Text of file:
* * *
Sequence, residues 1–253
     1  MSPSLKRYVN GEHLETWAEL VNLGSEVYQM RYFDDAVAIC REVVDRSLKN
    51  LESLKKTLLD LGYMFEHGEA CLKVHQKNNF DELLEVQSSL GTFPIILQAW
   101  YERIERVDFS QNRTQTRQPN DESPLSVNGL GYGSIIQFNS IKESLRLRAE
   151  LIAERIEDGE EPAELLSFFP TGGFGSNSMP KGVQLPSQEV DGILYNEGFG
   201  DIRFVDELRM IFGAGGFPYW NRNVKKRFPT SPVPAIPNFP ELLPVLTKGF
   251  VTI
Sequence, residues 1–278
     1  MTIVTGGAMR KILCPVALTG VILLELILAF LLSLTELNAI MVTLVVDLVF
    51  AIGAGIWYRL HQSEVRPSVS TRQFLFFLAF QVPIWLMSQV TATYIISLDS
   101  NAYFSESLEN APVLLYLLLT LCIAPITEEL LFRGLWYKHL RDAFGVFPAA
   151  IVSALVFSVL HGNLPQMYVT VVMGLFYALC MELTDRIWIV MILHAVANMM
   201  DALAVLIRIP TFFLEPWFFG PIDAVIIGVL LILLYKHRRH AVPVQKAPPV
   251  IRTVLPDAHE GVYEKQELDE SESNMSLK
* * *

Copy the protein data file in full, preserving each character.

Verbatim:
Sequence, residues 1–253
     1  MSPSLKRYVN GEHLETWAEL VNLGSEVYQM RYFDDAVAIC REVVDRSLKN
    51  LESLKKTLLD LGYMFEHGEA CLKVHQKNNF DELLEVQSSL GTFPIILQAW
   101  YERIERVDFS QNRTQTRQPN DESPLSVNGL GYGSIIQFNS IKESLRLRAE
   151  LIAERIEDGE EPAELLSFFP TGGFGSNSMP KGVQLPSQEV DGILYNEGFG
   201  DIRFVDELRM IFGAGGFPYW NRNVKKRFPT SPVPAIPNFP ELLPVLTKGF
   251  VTI
Sequence, residues 1–278
     1  MTIVTGGAMR KILCPVALTG VILLELILAF LLSLTELNAI MVTLVVDLVF
    51  AIGAGIWYRL HQSEVRPSVS TRQFLFFLAF QVPIWLMSQV TATYIISLDS
   101  NAYFSESLEN APVLLYLLLT LCIAPITEEL LFRGLWYKHL RDAFGVFPAA
   151  IVSALVFSVL HGNLPQMYVT VVMGLFYALC MELTDRIWIV MILHAVANMM
   201  DALAVLIRIP TFFLEPWFFG PIDAVIIGVL LILLYKHRRH AVPVQKAPPV
   251  IRTVLPDAHE GVYEKQELDE SESNMSLK